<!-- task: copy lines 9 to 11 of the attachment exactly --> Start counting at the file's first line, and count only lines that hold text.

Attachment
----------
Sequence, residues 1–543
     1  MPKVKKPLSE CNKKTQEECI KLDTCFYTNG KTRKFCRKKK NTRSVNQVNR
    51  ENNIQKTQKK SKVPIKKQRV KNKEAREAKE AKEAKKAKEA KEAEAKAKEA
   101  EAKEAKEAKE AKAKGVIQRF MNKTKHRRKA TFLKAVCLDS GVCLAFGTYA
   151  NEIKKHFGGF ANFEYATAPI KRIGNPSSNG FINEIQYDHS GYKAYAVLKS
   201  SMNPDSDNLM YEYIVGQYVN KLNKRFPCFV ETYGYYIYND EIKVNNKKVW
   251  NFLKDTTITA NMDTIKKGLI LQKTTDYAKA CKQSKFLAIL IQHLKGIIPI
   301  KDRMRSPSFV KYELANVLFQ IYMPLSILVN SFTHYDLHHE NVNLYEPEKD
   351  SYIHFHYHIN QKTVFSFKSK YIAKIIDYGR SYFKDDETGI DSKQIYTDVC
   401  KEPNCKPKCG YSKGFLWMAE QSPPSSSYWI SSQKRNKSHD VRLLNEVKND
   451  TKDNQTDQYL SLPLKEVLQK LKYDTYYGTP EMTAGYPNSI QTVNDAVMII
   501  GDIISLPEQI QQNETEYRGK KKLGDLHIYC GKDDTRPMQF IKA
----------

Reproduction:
   351  SYIHFHYHIN QKTVFSFKSK YIAKIIDYGR SYFKDDETGI DSKQIYTDVC
   401  KEPNCKPKCG YSKGFLWMAE QSPPSSSYWI SSQKRNKSHD VRLLNEVKND
   451  TKDNQTDQYL SLPLKEVLQK LKYDTYYGTP EMTAGYPNSI QTVNDAVMII